Palliative care

Palliative Care involves care and support for a person living with a serious health condition or a life-limiting illness such as cancer or heart failure. This includes managing physical symptoms such as pain, helping with social care needs and offering psychological, emotional and spiritual support.

The aim of palliative care is to increase your quality of life and boost your well-being as much as possible. You can receive palliative care at any time during your illness, and some people may receive this type of care for many years alongside treatment and therapies.

Who provides palliative care?

Many healthcare professionals provide palliative care as part of their jobs. An example is the care you get from your GP or community nurses.

Some people need additional specialist palliative care. This may be provided by consultants trained in palliative medicine, specialist palliative care nurses or specialist occupational therapists or physiotherapists.

Palliative care teams are made up of different healthcare professionals and can co-ordinate the care of people with an incurable illness. As specialists, they also advise other professionals on palliative care.

Palliative care services may be provided by the NHS, your local council or a charity.

What is the difference between End-of-Life Care and Palliative Care?

End-of-life care includes palliative care. If you have an illness that can’t be cured, palliative care makes you as comfortable as possible, by managing your pain and other distressing symptoms. It also involves psychological, social and spiritual support for you and your family or carers. This is called a holistic approach because it deals with you as a “whole” person.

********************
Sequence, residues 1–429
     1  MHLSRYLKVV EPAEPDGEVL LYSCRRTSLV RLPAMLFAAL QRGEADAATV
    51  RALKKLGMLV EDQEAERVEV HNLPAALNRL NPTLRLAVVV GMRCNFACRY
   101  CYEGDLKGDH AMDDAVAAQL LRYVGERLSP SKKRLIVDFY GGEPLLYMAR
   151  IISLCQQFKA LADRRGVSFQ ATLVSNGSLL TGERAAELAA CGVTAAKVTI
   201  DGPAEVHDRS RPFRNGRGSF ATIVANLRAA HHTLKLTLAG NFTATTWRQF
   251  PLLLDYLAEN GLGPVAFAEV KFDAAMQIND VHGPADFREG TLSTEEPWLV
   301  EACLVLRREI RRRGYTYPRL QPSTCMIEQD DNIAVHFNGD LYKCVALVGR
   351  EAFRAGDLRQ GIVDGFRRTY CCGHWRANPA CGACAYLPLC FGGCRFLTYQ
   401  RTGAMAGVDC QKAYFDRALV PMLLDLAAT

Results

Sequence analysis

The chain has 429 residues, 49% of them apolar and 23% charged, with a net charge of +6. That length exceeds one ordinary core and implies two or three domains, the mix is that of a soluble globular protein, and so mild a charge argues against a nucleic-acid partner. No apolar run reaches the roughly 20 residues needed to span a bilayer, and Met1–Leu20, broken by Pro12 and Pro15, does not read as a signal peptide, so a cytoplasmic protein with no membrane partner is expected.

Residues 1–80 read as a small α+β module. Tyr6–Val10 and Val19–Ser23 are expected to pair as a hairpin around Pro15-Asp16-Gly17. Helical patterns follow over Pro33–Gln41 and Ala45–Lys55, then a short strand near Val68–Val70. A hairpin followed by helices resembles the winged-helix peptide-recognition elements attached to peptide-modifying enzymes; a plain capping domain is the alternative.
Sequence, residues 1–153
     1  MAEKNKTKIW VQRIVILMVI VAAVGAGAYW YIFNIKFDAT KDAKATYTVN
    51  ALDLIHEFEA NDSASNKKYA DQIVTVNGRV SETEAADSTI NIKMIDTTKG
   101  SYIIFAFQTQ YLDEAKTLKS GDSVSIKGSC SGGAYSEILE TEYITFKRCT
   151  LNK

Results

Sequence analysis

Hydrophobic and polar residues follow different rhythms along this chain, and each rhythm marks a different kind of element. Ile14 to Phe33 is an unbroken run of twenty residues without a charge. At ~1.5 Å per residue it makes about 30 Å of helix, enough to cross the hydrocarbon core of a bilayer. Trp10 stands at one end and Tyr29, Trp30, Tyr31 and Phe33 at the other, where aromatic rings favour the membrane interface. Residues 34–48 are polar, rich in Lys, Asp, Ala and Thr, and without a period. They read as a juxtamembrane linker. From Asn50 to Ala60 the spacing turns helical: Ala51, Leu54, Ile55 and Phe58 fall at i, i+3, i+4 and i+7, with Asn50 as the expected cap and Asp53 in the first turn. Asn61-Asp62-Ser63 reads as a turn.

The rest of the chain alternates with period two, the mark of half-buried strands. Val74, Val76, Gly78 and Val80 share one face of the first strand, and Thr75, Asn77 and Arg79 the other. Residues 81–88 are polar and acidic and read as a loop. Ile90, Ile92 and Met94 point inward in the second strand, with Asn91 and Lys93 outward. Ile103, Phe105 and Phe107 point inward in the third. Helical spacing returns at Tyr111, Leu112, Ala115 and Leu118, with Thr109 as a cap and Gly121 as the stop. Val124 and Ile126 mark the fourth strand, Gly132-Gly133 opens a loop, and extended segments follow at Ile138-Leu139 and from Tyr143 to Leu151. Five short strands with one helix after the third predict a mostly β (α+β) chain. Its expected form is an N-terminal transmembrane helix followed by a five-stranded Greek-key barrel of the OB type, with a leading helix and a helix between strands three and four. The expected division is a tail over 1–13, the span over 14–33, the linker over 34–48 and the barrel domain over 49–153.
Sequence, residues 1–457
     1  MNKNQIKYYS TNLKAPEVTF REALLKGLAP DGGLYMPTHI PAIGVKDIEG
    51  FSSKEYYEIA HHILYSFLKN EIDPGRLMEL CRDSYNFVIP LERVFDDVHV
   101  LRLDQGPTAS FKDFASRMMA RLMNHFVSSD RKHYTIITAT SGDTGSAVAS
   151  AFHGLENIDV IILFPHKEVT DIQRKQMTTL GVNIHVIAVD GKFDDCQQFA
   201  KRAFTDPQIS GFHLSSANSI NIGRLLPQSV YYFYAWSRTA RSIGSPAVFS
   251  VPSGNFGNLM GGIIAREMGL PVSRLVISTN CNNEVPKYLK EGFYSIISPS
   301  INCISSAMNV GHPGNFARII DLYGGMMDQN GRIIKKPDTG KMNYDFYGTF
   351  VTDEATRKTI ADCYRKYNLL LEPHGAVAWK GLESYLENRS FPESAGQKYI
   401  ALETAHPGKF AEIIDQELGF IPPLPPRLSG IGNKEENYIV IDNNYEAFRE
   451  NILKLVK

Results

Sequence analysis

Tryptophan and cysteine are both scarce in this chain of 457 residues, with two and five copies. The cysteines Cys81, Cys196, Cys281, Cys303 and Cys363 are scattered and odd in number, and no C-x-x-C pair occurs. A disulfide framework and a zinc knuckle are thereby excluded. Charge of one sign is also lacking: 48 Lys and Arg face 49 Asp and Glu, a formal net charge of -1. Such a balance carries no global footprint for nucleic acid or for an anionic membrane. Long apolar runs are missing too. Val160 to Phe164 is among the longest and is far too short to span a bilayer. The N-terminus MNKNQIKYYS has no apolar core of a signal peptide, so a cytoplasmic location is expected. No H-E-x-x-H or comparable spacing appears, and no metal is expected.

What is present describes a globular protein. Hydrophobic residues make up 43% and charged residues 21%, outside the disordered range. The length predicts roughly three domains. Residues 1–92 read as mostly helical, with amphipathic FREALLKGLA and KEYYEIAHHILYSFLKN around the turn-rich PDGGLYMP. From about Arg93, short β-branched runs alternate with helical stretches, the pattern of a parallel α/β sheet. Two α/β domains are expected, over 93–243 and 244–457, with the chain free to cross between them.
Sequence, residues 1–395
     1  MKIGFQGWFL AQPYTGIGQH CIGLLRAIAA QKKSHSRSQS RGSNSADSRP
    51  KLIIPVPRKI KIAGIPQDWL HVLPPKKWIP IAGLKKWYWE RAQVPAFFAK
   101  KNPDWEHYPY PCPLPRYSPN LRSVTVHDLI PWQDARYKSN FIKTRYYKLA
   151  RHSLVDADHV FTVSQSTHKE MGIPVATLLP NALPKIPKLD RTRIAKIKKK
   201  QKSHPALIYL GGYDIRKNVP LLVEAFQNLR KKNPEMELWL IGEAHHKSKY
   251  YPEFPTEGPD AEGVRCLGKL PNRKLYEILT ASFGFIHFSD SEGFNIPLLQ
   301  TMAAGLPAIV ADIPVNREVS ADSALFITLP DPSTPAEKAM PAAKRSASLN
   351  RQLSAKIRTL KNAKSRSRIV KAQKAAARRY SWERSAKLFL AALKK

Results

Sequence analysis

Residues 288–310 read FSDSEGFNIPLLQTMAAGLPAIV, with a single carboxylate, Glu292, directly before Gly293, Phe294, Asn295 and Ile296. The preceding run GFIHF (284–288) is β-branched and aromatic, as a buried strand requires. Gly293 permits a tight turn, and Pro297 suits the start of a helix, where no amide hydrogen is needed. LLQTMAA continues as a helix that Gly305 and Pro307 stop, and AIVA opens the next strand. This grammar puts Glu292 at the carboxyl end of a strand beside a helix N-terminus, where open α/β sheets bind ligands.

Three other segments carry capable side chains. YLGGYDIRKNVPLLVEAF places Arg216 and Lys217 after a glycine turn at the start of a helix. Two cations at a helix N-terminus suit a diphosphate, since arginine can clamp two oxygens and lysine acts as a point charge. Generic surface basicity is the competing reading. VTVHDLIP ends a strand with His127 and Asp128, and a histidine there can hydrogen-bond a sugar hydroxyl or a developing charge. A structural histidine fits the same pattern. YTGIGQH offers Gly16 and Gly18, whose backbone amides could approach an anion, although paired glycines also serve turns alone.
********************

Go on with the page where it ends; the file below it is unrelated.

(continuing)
Palliative care isn’t just for the end of life. You may receive palliative care earlier in your illness while you are still receiving other therapies to treat your condition.

Eastern Specialist Palliative Care Team

The Eastern specialist palliative care team (SPCT) work as part of the multidisciplinary team to provide specialist support to patients with a palliative diagnosis, who have complex needs which cannot be met by the ward team alone. 

A patient with complex palliative care needs is a patient that is experiencing any single or combination of the following needs: 

  • Uncontrolled symptoms associated with their palliative diagnosis
  • Emotional/spiritual/psychological distress as a result of their palliative diagnosis. 
  • Advance Care Planning
  • Advice on caring for patients in the last 72 hours of life.

We offer a seven-day service to all wards on Wonford Site. Our working hours are Monday to Friday (inc. bank holidays) 09.00am to 17.00pm and Saturday and Sunday 10.00am to 15.00pm


Referrals are made to the Specialist Palliative Care Team by the healthcare professionals caring for you/your relative on the ward. Please discuss with the ward team looking after you or your relative if you feel a referral would be helpful.

Last updated: November 22, 2023.


Our site uses cookies to help give you a better experience. By continuing to use it you consent to the use of cookies as set out in our privacy policy.